Taking up the critical theorization of death as an important, though ambivalent, popular hermeneutic, this article attempts to expand upon existing arguments by examining death in the popular framings of an ever-growing U.S. militaristic biocitizenship (Mbembe, Giroux, Butler, Murray, Arendt). By understanding death as posing an existential crisis to collective and individual (social) life-as it is constructed through formations of moving embodiment-we argue that certain forms of death are required to be both knowable and of meaning to define the boundaries of a living body politic and the defense thereof. Whereas death within late modern society has become both increasingly knowable (through advances in medical knowledge) and anomalous (through the biopolitical attribution of most deaths to faulty cells, tissues, or organs, failures that are theoretically preventable), death that is relegated to zones of war and achieved in the service of nationalist ideals is theorized here as particularly certain and non-ambivalent. To understand this complex configuration of life, we interrogate three military deaths: that of the soldier who dies in battle, the living-death of the veteran, and the death of soldier who commits suicide. We argue that such deaths are both necessary and productive features of the protracting military State; soldiers who return from combat-bringing with them the trauma of dismemberment and the re-memberment of their deathly encounters-carry the potential to reproduce, and challenge, the hegemony of a contextually specific militaristic biocitizenship.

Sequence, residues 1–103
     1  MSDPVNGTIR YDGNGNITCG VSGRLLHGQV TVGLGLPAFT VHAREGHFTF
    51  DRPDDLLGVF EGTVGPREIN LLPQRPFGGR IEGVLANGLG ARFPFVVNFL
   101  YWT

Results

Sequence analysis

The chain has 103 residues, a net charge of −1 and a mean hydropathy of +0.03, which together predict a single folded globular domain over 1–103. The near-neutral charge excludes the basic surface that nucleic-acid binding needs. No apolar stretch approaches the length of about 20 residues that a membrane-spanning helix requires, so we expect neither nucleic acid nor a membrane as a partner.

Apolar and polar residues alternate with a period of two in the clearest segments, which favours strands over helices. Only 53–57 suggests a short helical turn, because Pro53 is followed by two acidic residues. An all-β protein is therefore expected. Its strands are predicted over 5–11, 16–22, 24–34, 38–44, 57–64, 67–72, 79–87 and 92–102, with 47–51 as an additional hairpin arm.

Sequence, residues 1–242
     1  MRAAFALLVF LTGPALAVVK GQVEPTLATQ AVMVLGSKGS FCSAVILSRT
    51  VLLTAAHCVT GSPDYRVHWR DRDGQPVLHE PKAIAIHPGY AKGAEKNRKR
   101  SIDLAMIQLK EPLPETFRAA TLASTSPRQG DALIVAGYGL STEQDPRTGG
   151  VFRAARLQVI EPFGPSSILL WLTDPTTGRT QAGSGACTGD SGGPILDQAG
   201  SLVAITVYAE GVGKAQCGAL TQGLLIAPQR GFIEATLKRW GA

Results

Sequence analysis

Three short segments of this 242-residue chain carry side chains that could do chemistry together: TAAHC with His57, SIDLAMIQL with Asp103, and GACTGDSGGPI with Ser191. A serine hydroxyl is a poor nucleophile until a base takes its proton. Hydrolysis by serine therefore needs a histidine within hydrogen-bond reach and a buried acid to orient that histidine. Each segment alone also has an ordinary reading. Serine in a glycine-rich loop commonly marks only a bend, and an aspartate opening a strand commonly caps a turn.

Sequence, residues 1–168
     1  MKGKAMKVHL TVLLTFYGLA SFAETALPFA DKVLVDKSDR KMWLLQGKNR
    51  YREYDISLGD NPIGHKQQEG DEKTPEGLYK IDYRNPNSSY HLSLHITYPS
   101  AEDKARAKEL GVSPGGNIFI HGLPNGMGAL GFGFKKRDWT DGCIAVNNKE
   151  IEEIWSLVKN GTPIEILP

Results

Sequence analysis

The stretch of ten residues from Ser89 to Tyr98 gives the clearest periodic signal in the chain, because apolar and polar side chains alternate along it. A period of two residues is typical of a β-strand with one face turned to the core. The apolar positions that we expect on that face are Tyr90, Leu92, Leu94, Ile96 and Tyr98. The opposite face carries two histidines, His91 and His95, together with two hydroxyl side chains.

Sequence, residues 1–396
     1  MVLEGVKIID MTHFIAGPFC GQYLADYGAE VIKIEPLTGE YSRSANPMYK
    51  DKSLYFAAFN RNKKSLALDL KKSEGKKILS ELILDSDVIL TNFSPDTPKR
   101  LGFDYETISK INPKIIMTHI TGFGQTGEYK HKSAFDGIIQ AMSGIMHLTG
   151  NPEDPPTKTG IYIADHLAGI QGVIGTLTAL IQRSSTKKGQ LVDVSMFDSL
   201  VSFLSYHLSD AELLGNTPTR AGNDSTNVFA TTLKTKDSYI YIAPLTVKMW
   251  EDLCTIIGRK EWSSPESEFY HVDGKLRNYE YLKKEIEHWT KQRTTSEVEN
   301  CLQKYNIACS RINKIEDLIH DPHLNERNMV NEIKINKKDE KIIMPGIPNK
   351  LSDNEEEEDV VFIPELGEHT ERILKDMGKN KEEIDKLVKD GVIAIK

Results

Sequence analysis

- Heterotopia of death